10. Hi Matt - and welcome to BTG. Please stop beating yourself up about this. You are most definitely not a fraud. Your body has been through a major trauma and you need time to recover. It is a slow process and your body will be telling you that over and over again for a long time to come. Patience is a virtue! It is also a cause for concern that you think you can't see any scars and therefore that you should be alright - but the injury is internal and you CAN'T see it! To use an analogy, it is like looking a a car with not a scratch on it, without realising there is no engine in it and it won't go. At the moment you are that car!! So it doesn't work as you describe Matt - real life isn't like that! You will over time need to make adjustments and one of the biggest challenges for you now is to realise that something big has happened to you and that you will need to adjust. We all normally do this with age and maturity but in your case, as well as ours, you are now having to think about it due to a sudden event - your SAH. Once you get your head around that, it becomes easier to deal with. One thing you will perhaps need to do is re-evaluate what you do and see if you can delegate some things to others, relinquish some duties, go on less hours, train others instead of doing the job yourself and so on, ie pass on your knowledge to others etc etc. It needs a bit of thought and it sounds like you have a great employer - keep talking to them, especially about your treatment and limitations. Remember they can't see your illness so you need to keep telling them. Fatigue will be a bug bear for some time to come, and you will maybe have short term memory problems so start keeping a diary, make notes and keep referring back to them. Many of us experience these things and keep diaries, but although there are many things very similar, everyone's journey to recovery is different. In terms of your medical problems keep in touch with your medical team because we can't give medical advice - there's good reason for that - we're not doctors and we're not qualified - so go to the people that are! What we can do though, is recount our own experiences and provide you with support and advice on other matters that you don't get in any doctor's surgery. Feel free to come on here and share your experiences and someone will usually be able to answer. Have a look round the site by clicking on the main subject titles and lots of different threads will come up. Good luck Matt!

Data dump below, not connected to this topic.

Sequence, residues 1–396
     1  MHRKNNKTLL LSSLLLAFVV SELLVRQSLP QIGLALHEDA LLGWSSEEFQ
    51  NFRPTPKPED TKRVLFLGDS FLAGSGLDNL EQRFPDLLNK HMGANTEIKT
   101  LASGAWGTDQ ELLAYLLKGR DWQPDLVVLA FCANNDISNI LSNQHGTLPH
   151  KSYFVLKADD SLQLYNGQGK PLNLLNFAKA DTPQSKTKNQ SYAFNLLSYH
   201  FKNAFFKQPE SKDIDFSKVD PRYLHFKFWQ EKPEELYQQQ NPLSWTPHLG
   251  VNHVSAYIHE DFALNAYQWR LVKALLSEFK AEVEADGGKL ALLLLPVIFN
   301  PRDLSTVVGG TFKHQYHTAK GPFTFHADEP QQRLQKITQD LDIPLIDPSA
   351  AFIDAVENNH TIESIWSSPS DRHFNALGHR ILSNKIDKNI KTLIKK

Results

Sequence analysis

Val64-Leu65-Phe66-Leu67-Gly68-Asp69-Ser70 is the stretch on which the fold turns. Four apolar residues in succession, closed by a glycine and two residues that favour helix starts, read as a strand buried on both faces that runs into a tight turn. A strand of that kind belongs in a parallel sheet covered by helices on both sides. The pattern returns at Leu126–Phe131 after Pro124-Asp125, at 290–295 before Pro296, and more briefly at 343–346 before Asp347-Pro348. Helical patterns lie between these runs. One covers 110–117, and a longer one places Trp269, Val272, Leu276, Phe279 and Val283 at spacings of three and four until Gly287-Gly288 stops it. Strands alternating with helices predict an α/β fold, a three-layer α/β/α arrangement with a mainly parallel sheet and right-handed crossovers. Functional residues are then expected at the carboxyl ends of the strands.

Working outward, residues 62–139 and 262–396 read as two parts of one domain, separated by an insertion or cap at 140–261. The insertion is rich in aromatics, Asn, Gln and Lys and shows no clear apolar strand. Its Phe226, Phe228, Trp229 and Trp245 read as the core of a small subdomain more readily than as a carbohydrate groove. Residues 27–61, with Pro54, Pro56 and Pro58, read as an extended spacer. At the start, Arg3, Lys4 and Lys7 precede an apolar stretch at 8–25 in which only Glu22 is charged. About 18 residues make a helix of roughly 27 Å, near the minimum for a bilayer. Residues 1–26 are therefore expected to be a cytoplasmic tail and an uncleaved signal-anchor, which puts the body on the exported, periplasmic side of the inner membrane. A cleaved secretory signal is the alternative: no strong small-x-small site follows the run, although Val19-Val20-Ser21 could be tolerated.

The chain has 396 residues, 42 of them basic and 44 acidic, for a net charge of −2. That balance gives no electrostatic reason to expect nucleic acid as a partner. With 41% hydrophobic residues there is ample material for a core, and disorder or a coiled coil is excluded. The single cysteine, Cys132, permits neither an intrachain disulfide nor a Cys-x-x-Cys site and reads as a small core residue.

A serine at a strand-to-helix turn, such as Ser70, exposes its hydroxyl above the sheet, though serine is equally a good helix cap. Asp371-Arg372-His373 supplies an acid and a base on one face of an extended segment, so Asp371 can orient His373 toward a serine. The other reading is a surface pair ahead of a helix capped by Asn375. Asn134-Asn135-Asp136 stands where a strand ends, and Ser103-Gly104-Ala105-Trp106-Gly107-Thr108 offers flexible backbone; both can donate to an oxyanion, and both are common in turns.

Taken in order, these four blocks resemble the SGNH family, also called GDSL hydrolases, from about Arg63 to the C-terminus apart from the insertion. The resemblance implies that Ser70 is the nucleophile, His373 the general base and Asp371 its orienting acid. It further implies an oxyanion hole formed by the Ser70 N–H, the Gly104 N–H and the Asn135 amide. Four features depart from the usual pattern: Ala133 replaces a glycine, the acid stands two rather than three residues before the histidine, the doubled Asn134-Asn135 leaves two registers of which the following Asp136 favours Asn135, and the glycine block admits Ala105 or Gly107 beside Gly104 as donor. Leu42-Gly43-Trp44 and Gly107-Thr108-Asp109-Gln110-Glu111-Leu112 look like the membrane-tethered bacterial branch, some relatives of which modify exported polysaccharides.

11. Daff - well done on getting to this milestone anniversary! I've read your blog and there are so many similarities with my own story and I'm sure other peoples' too. There are a few things that leap off the page to me and they are perhaps things that are between the lines: 1) The suddenness with which the change is thrust upon us. It is one of the most difficult things to come to terms with and is like a blinding darkness in front of your eyes that you cannot see beyond for a long time. Then you start to adapt to the new you and find a resilience and creativity to do things you did before but perhaps in differing ways; 2) The hope and aspirations that we have, built within our souls, that are maybe hidden until this sudden event brings them to the fore that makes us carry on and appreciate the things we have a little more than we did before; 3) The love and devotion of those around us who helped us through our traumas and gave us the strength to get back up off the floor and battle on - because despite its ups and downs, life is worth it and our abilities to adapt and change are second to none. Well done Daff, what you have done in your time since the 'event' is truly amazing and I am in awe of you.